Anders Zorn's oil painting Midsummer Dance (1897) is one of his most famous paintings, first shown in public at the Stockholm Exhibition of 1897. It was subsequently exhibited in the Swedish pavilion at the Paris World Fair in 1900, and was later donated to the National Museum in 1903.
In his own notes, Zorn describes the painting's creation:
One day we (Prince Eugene and Zorn) rowed up the Hemula River to Hemus and on the way back we went up to Morkarlby. Then it occurred to me to send for a fiddler and we went into a farm. Soon people gathered and a sixty year old opened the dance with a singing polka and so the dance was in full swing. Chairs were set out for us and the prince was ecstatic at the spectacle
Prince Eugen insisted that Zorn paint this motif, which took until the following year, 1897.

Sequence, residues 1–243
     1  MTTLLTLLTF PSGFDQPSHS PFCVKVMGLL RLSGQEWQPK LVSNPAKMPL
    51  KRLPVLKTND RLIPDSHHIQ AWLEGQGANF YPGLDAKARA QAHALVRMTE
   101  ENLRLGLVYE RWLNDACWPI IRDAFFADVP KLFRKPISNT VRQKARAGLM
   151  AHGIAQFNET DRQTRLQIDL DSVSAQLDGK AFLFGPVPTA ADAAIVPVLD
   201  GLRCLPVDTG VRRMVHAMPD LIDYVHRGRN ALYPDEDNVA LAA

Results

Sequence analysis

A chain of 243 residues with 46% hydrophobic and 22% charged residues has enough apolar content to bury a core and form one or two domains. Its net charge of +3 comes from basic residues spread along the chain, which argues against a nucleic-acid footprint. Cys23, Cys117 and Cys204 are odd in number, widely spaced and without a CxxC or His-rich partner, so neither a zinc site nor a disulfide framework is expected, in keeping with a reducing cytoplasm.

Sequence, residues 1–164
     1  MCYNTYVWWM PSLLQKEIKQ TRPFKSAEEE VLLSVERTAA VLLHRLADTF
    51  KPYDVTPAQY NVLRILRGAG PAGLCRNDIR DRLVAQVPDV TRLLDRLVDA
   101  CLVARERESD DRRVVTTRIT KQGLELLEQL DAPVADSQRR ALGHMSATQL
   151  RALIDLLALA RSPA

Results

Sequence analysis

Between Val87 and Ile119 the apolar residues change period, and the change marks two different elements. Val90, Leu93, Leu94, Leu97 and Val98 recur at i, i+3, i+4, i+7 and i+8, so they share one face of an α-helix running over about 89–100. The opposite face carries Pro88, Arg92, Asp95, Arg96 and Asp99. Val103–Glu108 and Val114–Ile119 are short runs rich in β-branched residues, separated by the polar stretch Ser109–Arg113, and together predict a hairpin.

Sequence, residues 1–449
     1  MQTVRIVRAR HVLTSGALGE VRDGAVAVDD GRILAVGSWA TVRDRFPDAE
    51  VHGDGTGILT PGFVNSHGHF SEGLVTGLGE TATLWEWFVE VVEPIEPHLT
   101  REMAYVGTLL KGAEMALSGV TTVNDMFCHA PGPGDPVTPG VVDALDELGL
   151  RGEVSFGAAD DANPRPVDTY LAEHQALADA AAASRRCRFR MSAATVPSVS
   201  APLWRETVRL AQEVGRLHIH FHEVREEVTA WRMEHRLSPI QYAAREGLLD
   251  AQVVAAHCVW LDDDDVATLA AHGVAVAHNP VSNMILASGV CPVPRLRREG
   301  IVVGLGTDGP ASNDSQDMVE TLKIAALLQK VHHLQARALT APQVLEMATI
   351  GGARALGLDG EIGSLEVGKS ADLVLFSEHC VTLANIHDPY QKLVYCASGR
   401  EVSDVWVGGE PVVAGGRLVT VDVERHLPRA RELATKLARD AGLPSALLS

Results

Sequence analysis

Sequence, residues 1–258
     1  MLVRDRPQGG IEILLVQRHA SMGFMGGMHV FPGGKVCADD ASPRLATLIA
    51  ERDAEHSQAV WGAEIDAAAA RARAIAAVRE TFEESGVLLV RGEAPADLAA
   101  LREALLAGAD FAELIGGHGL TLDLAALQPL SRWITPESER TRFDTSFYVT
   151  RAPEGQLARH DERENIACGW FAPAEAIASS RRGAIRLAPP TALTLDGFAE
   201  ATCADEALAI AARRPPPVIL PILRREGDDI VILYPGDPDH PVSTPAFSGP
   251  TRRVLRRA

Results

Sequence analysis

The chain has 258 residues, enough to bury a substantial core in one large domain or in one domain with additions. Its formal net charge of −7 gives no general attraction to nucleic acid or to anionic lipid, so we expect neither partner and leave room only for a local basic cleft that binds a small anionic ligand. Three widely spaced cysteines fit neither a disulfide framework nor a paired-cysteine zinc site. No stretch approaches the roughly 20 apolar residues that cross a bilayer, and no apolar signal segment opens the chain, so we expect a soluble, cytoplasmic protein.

This painting was painted during June and part of July after sunset and I am glad to have done it. I had just then given Morkarlby a new long maypole. It was painted red every Midsummer and I considered and still consider it my sacred duty to attend and supervise the dressing of the same. For the rising at 12 o'clock on Midsummer's night, my servant, dear Verner, has been given the role of Colonel. Once it was erected a polska was played and a long dance was danced around the pole and into the yards, an endless serpent of youth; then danced inside some yard until sunrise. See what my painting represents.
The original had the enormous dimensions of 140×98 cm. Depending on the size you choose, the cropping may differ slightly.
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